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Math 16B – Spring 2011 – Supplementary Notes 2
SecondDerivative Test
To understand what is behind the secondderivative test for functions of two variables, we shall
start by looking at the simplest nontrivial example, that of a polynomial of degree 2. First the test
will be stated.
Let the function
f
(
x,y
) have a critical point at (
a,b
). The secondderivative test involves the
function
D
f
(
x,y
) =
±
∂
2
f
∂x
2
²±
∂
2
f
∂y
2
²

±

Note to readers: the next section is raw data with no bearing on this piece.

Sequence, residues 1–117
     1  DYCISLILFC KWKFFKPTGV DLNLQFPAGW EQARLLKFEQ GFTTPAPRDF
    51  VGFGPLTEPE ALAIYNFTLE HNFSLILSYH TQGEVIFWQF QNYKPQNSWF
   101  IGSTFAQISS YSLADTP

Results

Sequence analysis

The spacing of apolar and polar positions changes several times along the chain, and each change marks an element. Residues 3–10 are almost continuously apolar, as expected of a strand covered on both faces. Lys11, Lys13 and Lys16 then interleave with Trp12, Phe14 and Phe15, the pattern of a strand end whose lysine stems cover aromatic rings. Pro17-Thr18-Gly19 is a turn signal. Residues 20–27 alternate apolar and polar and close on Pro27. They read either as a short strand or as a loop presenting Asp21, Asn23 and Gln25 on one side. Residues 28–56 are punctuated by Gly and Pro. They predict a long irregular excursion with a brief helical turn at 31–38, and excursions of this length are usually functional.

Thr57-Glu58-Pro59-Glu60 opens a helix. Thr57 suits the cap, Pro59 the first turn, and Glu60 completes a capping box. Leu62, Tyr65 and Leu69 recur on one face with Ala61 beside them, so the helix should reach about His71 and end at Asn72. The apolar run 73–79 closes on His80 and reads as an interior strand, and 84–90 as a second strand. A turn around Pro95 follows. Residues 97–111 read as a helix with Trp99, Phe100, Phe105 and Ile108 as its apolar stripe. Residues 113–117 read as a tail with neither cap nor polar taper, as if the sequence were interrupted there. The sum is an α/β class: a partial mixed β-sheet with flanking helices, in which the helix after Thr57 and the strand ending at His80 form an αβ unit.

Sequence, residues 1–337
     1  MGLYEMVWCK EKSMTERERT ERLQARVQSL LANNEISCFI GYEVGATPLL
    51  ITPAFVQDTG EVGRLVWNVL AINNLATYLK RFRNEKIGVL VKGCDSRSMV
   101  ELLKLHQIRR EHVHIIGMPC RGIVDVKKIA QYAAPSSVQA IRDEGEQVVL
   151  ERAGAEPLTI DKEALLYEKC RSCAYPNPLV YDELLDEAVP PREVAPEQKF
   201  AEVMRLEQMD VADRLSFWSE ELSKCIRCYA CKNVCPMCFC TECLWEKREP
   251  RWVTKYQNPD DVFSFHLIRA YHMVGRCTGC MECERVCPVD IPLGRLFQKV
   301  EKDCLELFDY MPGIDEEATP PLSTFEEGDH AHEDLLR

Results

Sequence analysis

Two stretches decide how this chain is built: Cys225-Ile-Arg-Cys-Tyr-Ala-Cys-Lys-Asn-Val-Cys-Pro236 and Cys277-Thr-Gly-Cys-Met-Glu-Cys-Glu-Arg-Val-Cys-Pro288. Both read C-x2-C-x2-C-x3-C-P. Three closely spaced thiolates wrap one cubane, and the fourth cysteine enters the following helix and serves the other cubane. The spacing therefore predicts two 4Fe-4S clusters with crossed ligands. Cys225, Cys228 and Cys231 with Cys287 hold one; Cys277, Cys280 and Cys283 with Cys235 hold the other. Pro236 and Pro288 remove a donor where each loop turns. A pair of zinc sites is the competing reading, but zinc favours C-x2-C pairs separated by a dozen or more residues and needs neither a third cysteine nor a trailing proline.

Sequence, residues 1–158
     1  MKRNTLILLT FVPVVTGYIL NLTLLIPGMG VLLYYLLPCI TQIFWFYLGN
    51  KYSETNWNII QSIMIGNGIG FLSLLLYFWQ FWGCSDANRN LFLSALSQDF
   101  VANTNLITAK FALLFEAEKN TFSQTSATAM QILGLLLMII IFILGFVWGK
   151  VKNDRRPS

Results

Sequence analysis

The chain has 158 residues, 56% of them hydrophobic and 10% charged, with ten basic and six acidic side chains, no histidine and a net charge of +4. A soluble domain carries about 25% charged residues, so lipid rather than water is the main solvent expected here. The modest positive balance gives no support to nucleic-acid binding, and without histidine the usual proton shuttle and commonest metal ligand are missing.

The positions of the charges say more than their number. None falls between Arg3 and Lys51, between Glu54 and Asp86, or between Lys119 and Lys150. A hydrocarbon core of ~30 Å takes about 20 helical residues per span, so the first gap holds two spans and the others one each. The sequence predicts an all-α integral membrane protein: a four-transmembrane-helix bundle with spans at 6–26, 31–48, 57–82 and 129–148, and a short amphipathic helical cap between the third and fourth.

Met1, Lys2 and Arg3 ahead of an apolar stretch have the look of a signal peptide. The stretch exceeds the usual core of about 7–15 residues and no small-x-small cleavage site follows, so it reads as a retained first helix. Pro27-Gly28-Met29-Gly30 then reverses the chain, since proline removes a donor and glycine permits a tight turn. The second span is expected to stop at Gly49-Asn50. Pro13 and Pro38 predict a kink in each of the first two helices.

∂
2
f
∂x∂y
²
2
,
and it applies when
D
f
(
a,b
)
6
= 0. Note that if
D
f
(
a,b
)
>
0 then
∂
2
f
∂x
2
(
a,b
) and
∂
2
f
∂y
2
(
a,b
) must have
the same sign. The test distinguishes three cases:
(I) If
D
f
(
a,b
)
>
0 and
∂
2
f
∂x
2
(
a,b
)
>
0 (equivalently
∂
2
f
∂y
2
(
a,b
)
>
0), then (
a,b
) is a relative minimum
of
f
.
(II) If
D
f
(
a,b
)
>
0 and
∂
2
f
∂x
2
(
a,b
)
<
0 (equivalently
∂
2
f
∂y
2
(
a,b
)
<
0), then (
a,b
) is a relative maximum
of
f
.
(III) If
D
f
(
a,b
)
<
0 then (
a,b
) is a saddle point of
f
(neither a relative maximum nor a relative
minimum).
Now we look at the simple example
f
(
x,y
) =
αx
2
+2
βxy
+
γy
2
, where
α,β,γ
are constants, not
all 0. This quadratic polynomial has a critical point at (0
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 Spring '06
 Sarason
 Math, Calculus, Derivative

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